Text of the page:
And it works. When I recently described this mechanism on Twitter, some users argued that the press secretary didn’t lie, adding photos of the crowd as seen from the podium. A fierce discussion ensued about the number of people in the audience and camera angles – even though it’s a fact that fewer people were present than during Barack Obama’s 2009 inauguration.
Now the lie about the crowd at an inauguration seems relatively trivial. But it achieves something enormous.
First, it’s a demonstration of power: they present the media with new "facts" and monitor who repeats them dutifully; all the rest can expect repression.
Second, we question our senses more than we used to. We are fighting about things that are obvious. Faced with constant inconsistencies, we are exhausted and give up – and obvious falsehoods first creep into the domain of the thinkable and then into the domain of reality.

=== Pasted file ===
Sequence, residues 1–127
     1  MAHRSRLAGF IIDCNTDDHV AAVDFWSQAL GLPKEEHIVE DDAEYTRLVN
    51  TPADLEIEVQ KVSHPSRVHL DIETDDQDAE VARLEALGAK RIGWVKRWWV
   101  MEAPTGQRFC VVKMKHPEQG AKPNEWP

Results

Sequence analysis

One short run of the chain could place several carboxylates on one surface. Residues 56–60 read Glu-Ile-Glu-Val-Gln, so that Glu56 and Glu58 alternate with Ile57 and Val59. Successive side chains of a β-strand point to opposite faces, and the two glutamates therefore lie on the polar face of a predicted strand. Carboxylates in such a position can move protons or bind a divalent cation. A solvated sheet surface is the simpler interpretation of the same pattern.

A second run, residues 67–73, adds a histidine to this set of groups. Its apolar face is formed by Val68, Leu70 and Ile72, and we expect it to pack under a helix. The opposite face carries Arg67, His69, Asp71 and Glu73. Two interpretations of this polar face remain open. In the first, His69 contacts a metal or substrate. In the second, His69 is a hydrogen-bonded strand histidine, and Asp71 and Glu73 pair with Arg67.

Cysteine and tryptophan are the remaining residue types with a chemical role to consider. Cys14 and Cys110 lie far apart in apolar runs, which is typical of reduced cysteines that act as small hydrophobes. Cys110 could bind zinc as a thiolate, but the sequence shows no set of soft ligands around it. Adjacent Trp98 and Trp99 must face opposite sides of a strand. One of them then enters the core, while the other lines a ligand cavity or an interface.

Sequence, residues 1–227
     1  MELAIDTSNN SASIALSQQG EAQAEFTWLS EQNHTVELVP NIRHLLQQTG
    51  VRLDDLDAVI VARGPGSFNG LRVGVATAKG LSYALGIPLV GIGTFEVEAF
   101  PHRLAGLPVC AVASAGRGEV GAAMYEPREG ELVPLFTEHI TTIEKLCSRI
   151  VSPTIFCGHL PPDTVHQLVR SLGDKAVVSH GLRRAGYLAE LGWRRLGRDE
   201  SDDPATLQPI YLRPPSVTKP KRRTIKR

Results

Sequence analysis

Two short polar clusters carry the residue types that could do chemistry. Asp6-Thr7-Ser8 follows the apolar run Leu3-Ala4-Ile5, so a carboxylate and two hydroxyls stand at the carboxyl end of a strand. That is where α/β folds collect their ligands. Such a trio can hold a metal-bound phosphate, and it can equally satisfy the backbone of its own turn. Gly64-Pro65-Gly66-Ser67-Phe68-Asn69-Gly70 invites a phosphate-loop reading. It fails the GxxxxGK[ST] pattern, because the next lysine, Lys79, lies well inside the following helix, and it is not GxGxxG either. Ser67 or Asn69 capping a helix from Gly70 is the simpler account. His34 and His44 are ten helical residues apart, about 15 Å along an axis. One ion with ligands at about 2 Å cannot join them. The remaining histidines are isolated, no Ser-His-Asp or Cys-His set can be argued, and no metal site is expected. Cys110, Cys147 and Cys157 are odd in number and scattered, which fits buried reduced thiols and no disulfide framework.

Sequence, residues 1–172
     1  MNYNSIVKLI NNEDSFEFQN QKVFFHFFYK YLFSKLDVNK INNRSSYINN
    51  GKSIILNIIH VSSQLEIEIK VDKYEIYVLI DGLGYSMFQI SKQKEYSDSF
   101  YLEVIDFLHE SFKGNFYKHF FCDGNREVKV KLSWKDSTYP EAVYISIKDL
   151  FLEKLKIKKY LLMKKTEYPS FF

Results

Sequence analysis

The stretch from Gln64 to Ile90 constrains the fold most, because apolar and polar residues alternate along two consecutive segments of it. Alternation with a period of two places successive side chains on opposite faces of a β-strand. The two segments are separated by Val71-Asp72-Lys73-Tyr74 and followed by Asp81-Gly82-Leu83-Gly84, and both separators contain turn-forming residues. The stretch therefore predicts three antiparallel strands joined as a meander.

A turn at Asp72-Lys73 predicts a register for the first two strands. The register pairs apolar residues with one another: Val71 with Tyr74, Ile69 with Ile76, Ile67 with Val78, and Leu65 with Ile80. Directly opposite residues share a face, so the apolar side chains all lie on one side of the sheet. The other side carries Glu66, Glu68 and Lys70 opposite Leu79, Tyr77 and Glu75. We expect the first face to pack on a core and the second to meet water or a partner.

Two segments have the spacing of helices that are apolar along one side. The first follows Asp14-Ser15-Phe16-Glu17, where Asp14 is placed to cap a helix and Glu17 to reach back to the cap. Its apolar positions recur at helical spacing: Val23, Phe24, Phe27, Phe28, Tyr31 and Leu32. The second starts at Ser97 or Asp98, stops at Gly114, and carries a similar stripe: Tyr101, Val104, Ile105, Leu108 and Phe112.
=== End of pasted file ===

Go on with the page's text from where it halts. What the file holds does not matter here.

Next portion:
Once established, this mechanism makes it easier to lie even about the big things. "All Muslims are criminals," for example – and suddenly we are debating crime statistics instead of defending the achievement that suspicion based on birth or religion has no place in a democracy.
Confronted with such lunacy, sometimes people no longer trust their own eyes and ears. And that’s exactly what people like Donald Trump aim for.
It’s a fight against reason. People can control perception. The Enlightenment taught us to make good use of that. Trying to take perception away from people therefore is an act of anti-Enlightenment.
Members of a free society have to reassure each other every day that this lunacy isn’t normal. That lies are lies. That there are certain principles in our society that aren’t up for debate, and questioning them isn’t covered by free speech.
The new right-wing governments and parties are currently forcing democratic societies to fight again for values we had already won. To lose this battle would be simply disastrous.
We have to start by trusting our senses and our reason.
Totalitarian methods have to be called out. It’s time to confront them.
Translated by Franziska Roscher